On a “normal” day, it’s easy to get lost in the hustle and bustle of modern life. I think we can all agree, however, that this year has been anything but “normal.” One thing we all need to keep in mind is that no matter what is going on in the world, no matter how many different ways you can think of to help other people, and no matter how many different things you perceive to be your responsibilities, self-care needs to be a priority. July 24 is International Self-Care Day, and even though self-care should be celebrated more than once a year, let this July 24 remind us of that fact.
Self-Care is Important & Unique To You
You can’t pour from an empty glass. Intellectually, that’s a concept we can understand. It’s a concept that is easy to try to explain to other people. It’s a little more difficult to really apply this idea to everyday life, though. You’re in high demand. You have a lot on your plate. But your physical and mental health are legitimate needs. Self-care is a need, not a want. It’s not something to do “when there’s time.” There won’t ever be time unless you make time.
It’s also not something to do just because someone else is doing it. Meaning, it’s super common to identify self-care using someone else’s definition. Your friend takes a bath with candles, soft music, and essential oils? That doesn’t mean baths are necessarily the best way for you to unwind. Your partner runs every morning? That doesn’t mean running is necessarily the best way for you to prepare for the day. Making self-care one more thing you don’t really want to do that you can eventually cross off your daily list is clearly counterproductive. Self-care is supposed to help ease stress and anxiety, not create it. What makes you feel relaxed? Listening to music? Walking in nature? Reading a book? Seeing a movie by yourself or with friends? Make a list of all the things that help you get your mind off of the daily grind, then make a point to do at least one relaxing thing each day. Time with family and friends, good conversations, having a good laugh—these are also simple ways that we can allow ourselves to actually enjoy ourselves.
Self-care isn’t only about doing something. Sometimes, self-care is about not doing something. This International Self-Care Day, you may want to start the day by creating a list of things you no longer want to do—things that are making it excessively difficult for you to unwind, for example. Consider turning off your phone at night or not checking emails past a certain time. Work on not feeling obligated to say “yes” to everyone who asks something of you.
Check in on Your Physical Health
Let’s not forget one of the most important ways to take care of yourself: your physical health. While you’re setting up appointments for your aging parent or your kids, or reminding your partner to see the doctor, check in with yourself about how you’re feeling also. If you’ve been extra lax on your own routine teeth cleanings, yearly physicals, annual breast exams, and regular gynecologist visits. Getting routine care back on track is incredibly valuable to your physical well-being. But in addition to those routine things, really consider how you’re actually feeling. Are your seasonal allergies under control? Might you need a new prescription for your contact lenses? How is your digestive system these days? How is your sex life? Chances are, you probably don’t have immediate answers to all of these questions. Take some time to think about them.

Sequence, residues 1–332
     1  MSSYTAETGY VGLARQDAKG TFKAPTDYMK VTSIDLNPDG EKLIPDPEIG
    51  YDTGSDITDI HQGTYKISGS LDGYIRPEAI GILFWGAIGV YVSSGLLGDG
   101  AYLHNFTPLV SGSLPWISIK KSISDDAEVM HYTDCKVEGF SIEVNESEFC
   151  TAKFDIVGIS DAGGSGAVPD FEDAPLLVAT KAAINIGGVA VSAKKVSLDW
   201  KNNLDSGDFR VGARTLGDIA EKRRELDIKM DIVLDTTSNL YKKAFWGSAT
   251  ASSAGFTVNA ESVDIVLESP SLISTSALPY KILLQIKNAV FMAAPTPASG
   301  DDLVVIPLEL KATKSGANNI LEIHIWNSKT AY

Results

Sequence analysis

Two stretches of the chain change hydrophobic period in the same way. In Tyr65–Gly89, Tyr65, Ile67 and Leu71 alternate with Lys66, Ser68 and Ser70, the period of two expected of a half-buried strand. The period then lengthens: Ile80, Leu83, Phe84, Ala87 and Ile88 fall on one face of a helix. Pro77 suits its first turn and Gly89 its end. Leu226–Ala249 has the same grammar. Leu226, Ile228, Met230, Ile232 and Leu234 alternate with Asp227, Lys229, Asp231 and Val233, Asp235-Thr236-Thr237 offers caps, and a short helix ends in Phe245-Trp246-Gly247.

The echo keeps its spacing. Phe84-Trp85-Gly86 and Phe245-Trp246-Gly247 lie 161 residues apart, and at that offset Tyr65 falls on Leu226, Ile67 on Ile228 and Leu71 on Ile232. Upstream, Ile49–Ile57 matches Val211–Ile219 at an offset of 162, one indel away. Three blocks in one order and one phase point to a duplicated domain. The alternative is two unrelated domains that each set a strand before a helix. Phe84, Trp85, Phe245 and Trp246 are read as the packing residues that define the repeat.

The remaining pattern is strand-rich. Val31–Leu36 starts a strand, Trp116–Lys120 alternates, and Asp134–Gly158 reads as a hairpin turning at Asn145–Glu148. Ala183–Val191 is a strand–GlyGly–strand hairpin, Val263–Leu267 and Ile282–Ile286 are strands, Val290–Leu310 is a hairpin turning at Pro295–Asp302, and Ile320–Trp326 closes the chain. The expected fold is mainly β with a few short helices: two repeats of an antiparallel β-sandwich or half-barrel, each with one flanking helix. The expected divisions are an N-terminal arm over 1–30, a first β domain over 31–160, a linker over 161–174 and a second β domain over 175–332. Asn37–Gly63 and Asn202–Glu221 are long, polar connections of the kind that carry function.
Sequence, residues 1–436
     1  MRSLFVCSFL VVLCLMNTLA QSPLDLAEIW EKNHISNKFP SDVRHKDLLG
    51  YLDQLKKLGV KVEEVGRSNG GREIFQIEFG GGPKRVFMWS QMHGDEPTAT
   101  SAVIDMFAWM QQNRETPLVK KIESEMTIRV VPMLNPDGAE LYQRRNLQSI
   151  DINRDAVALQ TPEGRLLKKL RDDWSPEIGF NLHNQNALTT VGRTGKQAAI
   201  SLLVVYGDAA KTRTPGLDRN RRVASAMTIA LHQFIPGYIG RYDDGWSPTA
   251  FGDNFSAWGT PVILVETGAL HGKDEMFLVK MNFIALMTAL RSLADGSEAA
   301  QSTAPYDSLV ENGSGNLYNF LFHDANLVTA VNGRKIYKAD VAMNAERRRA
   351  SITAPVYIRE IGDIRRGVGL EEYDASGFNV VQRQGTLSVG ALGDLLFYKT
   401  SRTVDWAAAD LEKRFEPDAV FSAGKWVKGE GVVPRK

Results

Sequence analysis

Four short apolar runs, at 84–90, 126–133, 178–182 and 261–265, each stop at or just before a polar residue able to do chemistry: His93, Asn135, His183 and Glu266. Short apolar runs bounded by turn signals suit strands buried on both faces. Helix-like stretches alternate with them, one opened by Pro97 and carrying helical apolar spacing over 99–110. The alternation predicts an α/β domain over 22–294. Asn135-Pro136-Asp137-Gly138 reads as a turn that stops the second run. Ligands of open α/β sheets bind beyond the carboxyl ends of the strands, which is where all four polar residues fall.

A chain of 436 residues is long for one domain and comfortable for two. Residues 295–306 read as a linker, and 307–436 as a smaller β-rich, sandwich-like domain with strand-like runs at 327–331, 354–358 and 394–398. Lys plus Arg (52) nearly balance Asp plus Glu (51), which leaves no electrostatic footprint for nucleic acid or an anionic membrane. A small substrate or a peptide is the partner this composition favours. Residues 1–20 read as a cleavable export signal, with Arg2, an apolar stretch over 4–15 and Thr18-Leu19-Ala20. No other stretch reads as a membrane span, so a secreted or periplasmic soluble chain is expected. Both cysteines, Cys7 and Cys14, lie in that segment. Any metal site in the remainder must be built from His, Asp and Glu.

Take into Account Your Sex Life
Even though it may be a sensitive topic, most women value a good sex life yet relatively quickly dismiss issues as “not a big deal” or “one of those things that come with age.” These are things we tell ourselves to normalize something that isn’t normal. Healthy sex (with a partner or by yourself) is not only a fun way to spend time, but it has also been proven to significantly reduce anxiety. When sexual activities are not fun, it creates or exacerbates anxiety symptoms. Painful or uncomfortable sex, while common for many reasons, is not normal and should not be treated as such. You deserve pleasurable sex! Talk to your doctors about your symptoms, so they can get you on the track to taking back your sex life.
Depending on your symptoms, your doctor may suggest vaginal dilation therapy. There are numerous reasons for painful intercourse, but if you’re free of infection or any other serious medical condition, it’s possible that vaginal dilation can get you on the road to better sex. Whether your issues are psychological, physical, or both, vaginal dilators can help retrain your body and mind into enjoying vaginal touch and pressure. Dilators are shaped like tampons and come in different sizes. You start small and gradually move up sizes as vaginal capacity and elasticity increase. They can even help stimulate natural lubrication and blood flow. Whether you’ve recently had a baby, which can weaken your pelvic floor (the supportive muscles surrounding the uterus), you’ve recently had surgery or cancer treatment, are experiencing menopausal symptoms, or anything in between, this International Self-Care Day, make a point to talk to your doctor about getting the most out of your sex life. Your needs are important—on July 24 and every day.